Council Member Mackenzie Kelly, who represents District 6, has led the charge against the program, saying on the council's message board that key performance indicators and other basic metrics to measure the success of the program haven't been set yet.
"This certainly gives me pause, and I'd like to better understand the program's anticipated outcomes before voting," Kelly, the lone Republican on the council, wrote on the board. "We owe it to the community to consider all aspects of the process before voting."
Three other council members – Ann Kitchen, Leslie Pool, and José "Chito" Vela – also supported the postponement.
If approved, Austin would partner with the non-profit UpTogether to dole out $1.18 million in taxpayer funds to 85 Austin households in $1,000 monthly increments with no strings attached.
Many of the questions that council members posed about the plan had to do with who would qualify and how the trial run would be evaluated once a year is up.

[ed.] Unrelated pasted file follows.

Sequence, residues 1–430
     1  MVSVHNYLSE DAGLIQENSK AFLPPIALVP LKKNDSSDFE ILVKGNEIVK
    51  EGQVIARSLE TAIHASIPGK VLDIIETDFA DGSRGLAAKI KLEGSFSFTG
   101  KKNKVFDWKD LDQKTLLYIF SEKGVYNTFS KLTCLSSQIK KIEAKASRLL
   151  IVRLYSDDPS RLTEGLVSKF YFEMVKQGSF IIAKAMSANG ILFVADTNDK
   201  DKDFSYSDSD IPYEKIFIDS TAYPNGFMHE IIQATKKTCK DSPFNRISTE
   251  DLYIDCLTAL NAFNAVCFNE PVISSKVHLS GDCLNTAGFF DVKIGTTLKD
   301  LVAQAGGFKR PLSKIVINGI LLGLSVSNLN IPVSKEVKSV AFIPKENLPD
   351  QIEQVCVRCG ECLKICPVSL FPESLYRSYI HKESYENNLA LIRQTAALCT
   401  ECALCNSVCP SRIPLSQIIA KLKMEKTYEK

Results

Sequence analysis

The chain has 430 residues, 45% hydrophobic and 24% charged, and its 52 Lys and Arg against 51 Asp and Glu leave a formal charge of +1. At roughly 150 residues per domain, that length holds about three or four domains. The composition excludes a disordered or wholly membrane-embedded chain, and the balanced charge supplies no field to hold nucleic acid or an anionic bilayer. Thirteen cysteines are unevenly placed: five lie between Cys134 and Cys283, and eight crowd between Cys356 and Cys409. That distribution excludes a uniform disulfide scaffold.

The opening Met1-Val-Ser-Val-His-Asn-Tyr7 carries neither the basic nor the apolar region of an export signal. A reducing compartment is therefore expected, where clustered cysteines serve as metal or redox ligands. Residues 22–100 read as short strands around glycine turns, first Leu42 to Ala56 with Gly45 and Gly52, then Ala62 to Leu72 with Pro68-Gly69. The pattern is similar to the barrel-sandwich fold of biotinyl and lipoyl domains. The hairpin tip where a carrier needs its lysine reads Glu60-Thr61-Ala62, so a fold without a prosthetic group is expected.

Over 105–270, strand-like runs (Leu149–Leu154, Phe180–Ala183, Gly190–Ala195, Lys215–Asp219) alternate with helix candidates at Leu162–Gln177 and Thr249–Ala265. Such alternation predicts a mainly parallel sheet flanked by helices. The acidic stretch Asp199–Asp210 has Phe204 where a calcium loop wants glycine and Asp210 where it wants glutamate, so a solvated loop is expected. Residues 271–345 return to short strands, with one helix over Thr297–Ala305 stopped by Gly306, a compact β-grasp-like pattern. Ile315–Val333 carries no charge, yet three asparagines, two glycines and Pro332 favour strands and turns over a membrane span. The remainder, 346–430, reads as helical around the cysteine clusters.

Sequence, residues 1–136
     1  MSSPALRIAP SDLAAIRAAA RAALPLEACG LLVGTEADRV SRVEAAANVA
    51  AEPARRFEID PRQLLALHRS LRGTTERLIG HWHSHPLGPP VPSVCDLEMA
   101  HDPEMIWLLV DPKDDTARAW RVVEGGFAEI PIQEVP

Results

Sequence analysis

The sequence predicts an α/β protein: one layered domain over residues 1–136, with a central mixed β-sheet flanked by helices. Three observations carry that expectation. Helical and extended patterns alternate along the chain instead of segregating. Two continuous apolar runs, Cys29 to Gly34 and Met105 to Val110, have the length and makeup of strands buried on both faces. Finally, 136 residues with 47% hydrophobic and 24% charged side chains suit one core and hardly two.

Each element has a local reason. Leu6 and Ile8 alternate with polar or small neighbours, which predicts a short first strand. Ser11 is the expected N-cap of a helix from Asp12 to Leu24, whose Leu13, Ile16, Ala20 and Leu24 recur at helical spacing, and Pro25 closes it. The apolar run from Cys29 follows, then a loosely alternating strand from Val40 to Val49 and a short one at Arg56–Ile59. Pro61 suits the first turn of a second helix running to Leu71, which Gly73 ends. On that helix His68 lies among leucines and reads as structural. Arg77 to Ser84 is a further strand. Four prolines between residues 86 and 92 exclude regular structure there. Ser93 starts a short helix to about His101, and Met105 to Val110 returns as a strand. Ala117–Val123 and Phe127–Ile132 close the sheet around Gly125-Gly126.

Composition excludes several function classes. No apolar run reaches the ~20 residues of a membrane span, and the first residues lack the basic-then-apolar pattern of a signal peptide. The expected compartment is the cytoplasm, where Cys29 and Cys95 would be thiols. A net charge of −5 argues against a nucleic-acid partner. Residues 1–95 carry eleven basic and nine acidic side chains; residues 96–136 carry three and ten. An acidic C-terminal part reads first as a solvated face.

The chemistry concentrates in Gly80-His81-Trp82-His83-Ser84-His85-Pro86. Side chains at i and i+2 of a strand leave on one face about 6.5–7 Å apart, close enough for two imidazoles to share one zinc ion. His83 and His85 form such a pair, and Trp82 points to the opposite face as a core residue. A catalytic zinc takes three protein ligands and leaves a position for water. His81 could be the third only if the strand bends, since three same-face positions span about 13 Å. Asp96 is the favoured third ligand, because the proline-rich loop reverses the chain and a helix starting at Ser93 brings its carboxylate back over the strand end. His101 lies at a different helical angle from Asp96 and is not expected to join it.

"The details of the selection criteria, expected outcomes and performance measures for this pilot will need to be worked out with our vendor after the contract is approved," staffers wrote in response to a question by Council Member Pool, who supported the postponement.
The city council will hold an executive session on the proposal in the next couple of weeks and return for a vote next month.
Austin would join dozens of other cities around the United States that have rolled out guaranteed basic income programs in recent years, including New Orleans, Oakland, Gainesville, Chicago, and Los Angeles.